Airy Spirit
 
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18 January 2010 14:24
 
Keep The Reason - 18 January 2010 02:08 PM

There’s been a strong argument made that countries that have a state religion actually weakens religious strength because nowadays it’s seen as yet another defunct government institution.

Meanwhile, in America, with the separation, religions have had a free capitalist market reign, and compete against one another so well that everyone seems to belong to one religion or another.

Ironic.  It may be that separation of church and state is not the right formula to successfully break down religious influence.

Australia has separation of church and state, and Australia is one of the most secular countries in the world.

 
mpbrockman
 
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mpbrockman
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18 January 2010 21:10
 
Airy Spirit - 18 January 2010 07:24 PM

Australia has separation of church and state, and Australia is one of the most secular countries in the world.

They got the criminals, we got the religious fringe. Make of that what you will - but the basic lesson might be something like this: those who hunt game on the King’s land make better neighbors than Huguenots.

 
 
 
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mk10108
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17 March 2010 01:58
 

Maintaining separation is easy.  While in Northwest GA, sitting in a dinner, religious fellow said we should have the ten commandments posted in every public building.  I replied being a democracy one should be careful what one wish for…and asked how would the commandments look next to the Koran and the Torah? 

Nothing but the sound of silence was the reply.

 
 
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rab
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19 March 2010 18:34
 
mk10108 - 17 March 2010 05:58 AM

Maintaining separation is easy.  While in Northwest GA, sitting in a dinner, religious fellow said we should have the ten commandments posted in every public building.  I replied being a democracy one should be careful what one wish for…and asked how would the commandments look next to the Koran and the Torah?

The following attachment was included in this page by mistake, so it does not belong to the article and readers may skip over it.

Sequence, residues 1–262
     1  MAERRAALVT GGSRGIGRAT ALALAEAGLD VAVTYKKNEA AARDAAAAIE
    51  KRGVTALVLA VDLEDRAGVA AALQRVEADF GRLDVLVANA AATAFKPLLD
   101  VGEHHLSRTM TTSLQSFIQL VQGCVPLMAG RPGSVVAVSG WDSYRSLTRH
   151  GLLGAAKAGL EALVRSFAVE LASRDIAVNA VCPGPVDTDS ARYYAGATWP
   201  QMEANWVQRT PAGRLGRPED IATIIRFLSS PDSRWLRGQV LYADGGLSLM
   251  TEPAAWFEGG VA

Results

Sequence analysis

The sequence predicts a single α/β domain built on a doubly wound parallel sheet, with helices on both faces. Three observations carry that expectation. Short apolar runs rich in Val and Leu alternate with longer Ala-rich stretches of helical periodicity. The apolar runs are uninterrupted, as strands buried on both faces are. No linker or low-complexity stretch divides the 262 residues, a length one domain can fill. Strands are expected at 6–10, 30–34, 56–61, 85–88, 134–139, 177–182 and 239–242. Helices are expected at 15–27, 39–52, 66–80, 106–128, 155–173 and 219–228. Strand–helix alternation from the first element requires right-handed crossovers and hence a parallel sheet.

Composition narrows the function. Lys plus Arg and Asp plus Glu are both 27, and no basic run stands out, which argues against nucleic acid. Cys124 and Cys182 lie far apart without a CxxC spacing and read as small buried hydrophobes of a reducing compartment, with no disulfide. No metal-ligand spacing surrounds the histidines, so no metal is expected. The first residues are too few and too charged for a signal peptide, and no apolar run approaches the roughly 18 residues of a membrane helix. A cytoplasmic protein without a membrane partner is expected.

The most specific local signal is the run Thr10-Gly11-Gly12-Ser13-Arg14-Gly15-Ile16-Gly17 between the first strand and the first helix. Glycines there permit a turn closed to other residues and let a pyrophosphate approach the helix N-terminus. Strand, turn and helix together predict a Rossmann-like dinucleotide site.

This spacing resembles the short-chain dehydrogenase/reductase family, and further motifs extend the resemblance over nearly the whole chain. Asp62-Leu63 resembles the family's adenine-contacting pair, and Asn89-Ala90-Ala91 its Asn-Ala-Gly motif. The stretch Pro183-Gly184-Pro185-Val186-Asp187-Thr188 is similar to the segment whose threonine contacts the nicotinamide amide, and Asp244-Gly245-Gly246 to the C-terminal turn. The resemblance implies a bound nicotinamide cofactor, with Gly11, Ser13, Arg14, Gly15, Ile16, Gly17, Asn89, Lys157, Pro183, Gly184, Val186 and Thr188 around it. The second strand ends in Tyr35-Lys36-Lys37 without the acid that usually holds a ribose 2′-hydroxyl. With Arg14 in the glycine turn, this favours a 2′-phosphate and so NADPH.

Nothing but the sound of silence was the reply.

In that silence, the religious right plots its next move. They are pushing for a Christian theocracy. One way they do it is pass resolutions in D.C. declaring Christianity’s influence on American history. They also pass such resolutions in states. See my most recent posting in this forum and see what I mean. They want to post the 10 Commandments but fight against recognition of other religions.

 
 
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McKinnon
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27 December 2010 06:09
 

maybe it’s got something to do with a lot of the social work being left to church groups rather than the government, as would be the case in a welfare state


All that do-gooding is a PR boon for churches who want to offer themselves up as the cornerstone of compassion and brotherhood in society, not to mention a great recruitment to tool to guilt people into joining up after they’ve been fed, clothed or employed through the (strings attached) assistance provided to them by the congregation. What dupe wouldn’t look favorably on an organization which raised the money for their father’s life saving operation?

It’s also been a great way for Christians to justify their religion’s existence- if you can’t defend it on the basis of the claims it makes about the universe then you can always defend it on the basis of the charity work it carries out.

More government oriented social spending is a good way to stop these predatory types from taking advantage.

[ Edited: 27 December 2010 06:13 by McKinnon]
 
 
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rabbit
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28 November 2011 06:58
 

More government oriented social spending is a good way to stop these predatory types from taking advantage.

Exactly.  That’s why the goal of the xian fundies since Reagan was in office has been to erode funding for public education, arts, and social welfare.  Next thing you know, our tax money is going toward ‘faith-based initiatives’ and religious school tuition vouchers.  I feel like i’m paying someone to hunt me down and shoot me.